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Gary Marsh Exits Disney TV After 33-Year Run

The Hollywood Reporter logo The Hollywood Reporter 9/21/2021 Lesley Goldberg

Gary Marsh is leaving his executive suite following a 33-year career with Disney.

The former Disney Channel topper, who was promoted last year to president and chief creative officer of Disney Branded Television, is stepping down from the post to launch a production company. Marsh, who extended his contract with Disney in 2020, is said to have expressed his desire to move on more than two years ago. Marsh opted to remain with Disney through its acquisition of Fox assets as well as the reorganization that followed.

Marsh will remain at Disney through the end of 2021 and is working with Disney General Entertainment chairman Peter Rice on a transition as sources note a replacement to oversee Disney Branded Television is expected to be announced in the coming days. Staff were informed of Marsh’s departure Tuesday morning via an internal memo from Rice.

“Gary’s leadership and creative genius have shaped a generation of beloved kids and family programming, and we are forever grateful for the indelible impact he’s made at The Walt Disney Company,” said Rice, who promoted Marsh last year as Disney again reorganized in a bid to prioritize streaming. “Gary is a valued leader and good friend, and we’ve been talking about this move for years. So when he decided to focus solely on producing after three decades of an amazing executive career, I jumped at the opportunity to keep him among us.”

Rice in November tapped Marsh to launch Disney Branded Television, expanding the latter’s purview from kids programming to all non-theatrical Disney-branded TV content made for tweens, teens and families, including live-action and animation. The division serves as a content pipeline for Disney+, Disney Channel, Disney XD and Disney Junior. Marsh also was tapped to oversee the Disney+ unscripted content and production teams. The unit is responsible for such shows as the High School Musical update, Monsters at Work and Hulu transfer The Mysterious Benedict Society, among others.

“For 33 years, I’ve had the greatest job in television,” Marsh said in a statement Tuesday. “The stories we’ve told, the music we’ve created, the stars we’ve discovered, the franchises we’ve built — all of it has entertained and engaged millions of kids and families around the globe. Thanks to the reach of Disney’s streaming platforms, those stories will live forever in the hearts and minds of future generations, alongside all the new stories I look forward to telling. There simply could not be a more compelling or creatively stimulating time to enter the production ranks.”

Marsh has developed and overseen the launches of multiple Disney franchises, including the original High School Musical and Lizzie McGuire, Hannah Montana, Descendants, Phineas and Ferb and many more. The executive also launched the Disney Junior channel, launching hits including Doc McStuffins, Elena of Avalon and Sofia the First. Marsh also had a hand in launching the careers of Miley Cyrus, Selena Gomez, the Jonas Brothers, Zendaya, Demi Lovato, Shia LaBeouf, Hilary Duff, Zac Efron, Vanessa Hudgens, Olivia Rodrigo and Debby Ryan, among others.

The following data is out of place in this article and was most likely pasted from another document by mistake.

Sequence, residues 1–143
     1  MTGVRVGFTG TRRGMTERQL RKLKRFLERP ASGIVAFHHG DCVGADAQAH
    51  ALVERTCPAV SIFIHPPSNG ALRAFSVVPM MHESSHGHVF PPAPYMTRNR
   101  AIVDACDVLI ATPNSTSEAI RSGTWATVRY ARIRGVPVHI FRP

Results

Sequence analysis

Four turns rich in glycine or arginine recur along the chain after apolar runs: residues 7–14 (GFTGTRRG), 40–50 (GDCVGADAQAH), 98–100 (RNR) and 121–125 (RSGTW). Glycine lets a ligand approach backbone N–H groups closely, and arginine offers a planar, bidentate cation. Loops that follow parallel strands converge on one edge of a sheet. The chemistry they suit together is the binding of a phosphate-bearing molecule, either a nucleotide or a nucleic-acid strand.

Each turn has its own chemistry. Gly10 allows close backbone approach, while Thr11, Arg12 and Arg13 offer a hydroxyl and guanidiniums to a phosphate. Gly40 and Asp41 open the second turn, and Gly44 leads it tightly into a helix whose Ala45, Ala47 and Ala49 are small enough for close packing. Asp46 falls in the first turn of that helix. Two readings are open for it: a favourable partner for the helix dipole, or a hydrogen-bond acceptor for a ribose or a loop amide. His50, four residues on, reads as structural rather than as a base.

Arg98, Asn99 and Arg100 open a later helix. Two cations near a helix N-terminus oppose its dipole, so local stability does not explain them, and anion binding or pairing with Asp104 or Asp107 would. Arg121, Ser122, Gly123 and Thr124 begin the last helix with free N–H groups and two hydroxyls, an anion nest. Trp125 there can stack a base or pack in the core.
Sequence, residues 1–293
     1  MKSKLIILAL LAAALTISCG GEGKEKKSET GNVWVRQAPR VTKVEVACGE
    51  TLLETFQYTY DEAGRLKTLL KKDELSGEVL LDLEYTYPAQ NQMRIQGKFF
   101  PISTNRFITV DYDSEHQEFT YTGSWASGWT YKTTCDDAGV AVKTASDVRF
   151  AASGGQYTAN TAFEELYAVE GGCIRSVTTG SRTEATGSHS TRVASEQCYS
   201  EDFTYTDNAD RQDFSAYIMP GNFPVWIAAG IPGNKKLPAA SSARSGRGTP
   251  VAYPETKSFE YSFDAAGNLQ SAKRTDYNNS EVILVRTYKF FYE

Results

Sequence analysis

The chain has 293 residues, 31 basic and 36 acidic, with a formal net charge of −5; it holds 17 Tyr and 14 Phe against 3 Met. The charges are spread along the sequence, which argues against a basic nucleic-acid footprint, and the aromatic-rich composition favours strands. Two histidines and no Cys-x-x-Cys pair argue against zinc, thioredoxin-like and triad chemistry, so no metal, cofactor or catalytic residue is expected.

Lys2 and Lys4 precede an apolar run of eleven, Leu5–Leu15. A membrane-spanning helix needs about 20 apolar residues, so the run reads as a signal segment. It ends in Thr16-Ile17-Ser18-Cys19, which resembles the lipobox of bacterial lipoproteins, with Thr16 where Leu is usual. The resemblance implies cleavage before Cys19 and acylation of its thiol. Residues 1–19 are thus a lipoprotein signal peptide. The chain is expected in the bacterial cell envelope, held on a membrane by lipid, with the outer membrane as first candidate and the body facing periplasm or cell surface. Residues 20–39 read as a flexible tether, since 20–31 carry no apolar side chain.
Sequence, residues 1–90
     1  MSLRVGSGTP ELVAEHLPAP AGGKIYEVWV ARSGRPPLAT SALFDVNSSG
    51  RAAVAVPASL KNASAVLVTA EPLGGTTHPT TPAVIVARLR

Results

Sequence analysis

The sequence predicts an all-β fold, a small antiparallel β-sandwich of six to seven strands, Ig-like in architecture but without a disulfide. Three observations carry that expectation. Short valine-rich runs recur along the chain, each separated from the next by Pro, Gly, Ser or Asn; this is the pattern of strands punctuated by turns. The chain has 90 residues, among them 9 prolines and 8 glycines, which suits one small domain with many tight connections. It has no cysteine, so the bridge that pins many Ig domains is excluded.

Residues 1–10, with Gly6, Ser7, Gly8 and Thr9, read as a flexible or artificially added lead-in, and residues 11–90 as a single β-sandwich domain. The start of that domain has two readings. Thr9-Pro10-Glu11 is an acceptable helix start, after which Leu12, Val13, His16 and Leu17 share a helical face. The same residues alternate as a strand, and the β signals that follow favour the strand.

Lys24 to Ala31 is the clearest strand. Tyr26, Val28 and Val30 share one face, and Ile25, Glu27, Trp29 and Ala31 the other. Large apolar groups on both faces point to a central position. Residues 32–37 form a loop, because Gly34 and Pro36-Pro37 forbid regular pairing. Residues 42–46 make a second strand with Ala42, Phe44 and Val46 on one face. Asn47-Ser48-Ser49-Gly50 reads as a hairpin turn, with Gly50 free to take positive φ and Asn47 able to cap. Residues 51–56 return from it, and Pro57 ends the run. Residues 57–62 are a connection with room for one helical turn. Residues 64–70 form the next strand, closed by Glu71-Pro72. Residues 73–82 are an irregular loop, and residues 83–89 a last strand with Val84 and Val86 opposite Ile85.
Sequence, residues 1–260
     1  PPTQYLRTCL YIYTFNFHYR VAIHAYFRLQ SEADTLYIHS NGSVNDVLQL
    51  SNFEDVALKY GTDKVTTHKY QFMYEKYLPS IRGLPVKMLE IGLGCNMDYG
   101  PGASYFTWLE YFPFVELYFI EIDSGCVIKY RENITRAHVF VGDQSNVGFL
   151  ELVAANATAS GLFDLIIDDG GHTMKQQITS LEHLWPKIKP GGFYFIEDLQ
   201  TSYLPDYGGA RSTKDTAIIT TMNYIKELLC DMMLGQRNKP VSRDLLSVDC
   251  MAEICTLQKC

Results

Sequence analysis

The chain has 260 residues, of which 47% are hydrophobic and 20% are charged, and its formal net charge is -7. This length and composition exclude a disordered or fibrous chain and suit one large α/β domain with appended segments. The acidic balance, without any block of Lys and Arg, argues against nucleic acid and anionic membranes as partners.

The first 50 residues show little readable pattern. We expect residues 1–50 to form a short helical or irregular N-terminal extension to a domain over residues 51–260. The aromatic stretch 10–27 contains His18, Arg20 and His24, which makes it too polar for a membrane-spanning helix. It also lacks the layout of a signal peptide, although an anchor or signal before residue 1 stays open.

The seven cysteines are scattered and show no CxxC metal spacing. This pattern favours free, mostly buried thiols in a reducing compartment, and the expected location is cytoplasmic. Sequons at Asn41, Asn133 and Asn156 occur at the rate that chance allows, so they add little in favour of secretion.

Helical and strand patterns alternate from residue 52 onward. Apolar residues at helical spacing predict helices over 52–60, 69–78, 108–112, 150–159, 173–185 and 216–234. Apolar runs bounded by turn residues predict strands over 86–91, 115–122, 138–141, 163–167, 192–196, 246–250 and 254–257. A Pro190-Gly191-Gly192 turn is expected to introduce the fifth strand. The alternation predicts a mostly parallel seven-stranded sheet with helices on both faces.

“Gary is a wonderful collaborator, superb partner and dynamic leader who has a deep passion for film and a keen eye for casting just the right person for a role,” said Jane Startz, an exec producer with whom he worked on Disney Channel’s Sneakerella. “He approaches each new project with enthusiasm and excitement that is infectious, and creates an environment where talent, artists and crew can really excel in their work.”

As part of his Disney-backed development deal, which will see him prep content for across the conglomerate’s portfolio, Marsh is readying two new Descendants movies, the previously announced Disney+ Beauty and the Beast prequel series, Tink, School for Sensitive Souls and Witch Mountain. (Additional details on the slate were not being provided.)

Marsh becomes the latest high-ranking Disney exec to depart the executive ranks at the company following last year’s reorg. Craig Hunegs also exited in May after seeing his role as Walt Disney Television entertainment president change significantly as a result of the streaming-focused restructuring. Hunegs joined Disney from Warners in March 2019 in a newly created role as president of Disney TV Studios, the merged shingle that housed former Fox assets including 20th Television and the former Fox 21 (now Touchstone TV). His responsibilities changed in December following Disney’s studio consolidation as he began working directly with Walden as president of entertainment for Walt Disney Television. Walden has not yet announced a successor for Hunegs.

Additionally, Disney+ head of unscripted Dan Silver departed late last year for a key role at Netflix. Silver went from reporting to Disney+ content chief Agnes Chu, and, following her departure last year, answered to content president Ricky Strauss, who stepped down in January.

One likely candidate to replace Marsh as head of Disney Branded TV is his top lieutenant, longtime casting exec Ayo Davis, who was promoted in November to the newly created position of exec vp creative development and strategy. Davis is a 19-year Disney veteran who at the time of her promotion had been fielding multiple offers outside of the company. Sources say she was being eyed for a role leading casting at Warner Bros. TV, where she would have reunited with former ABC entertainment president Channing Dungey. Disney fought to keep her in the fold.

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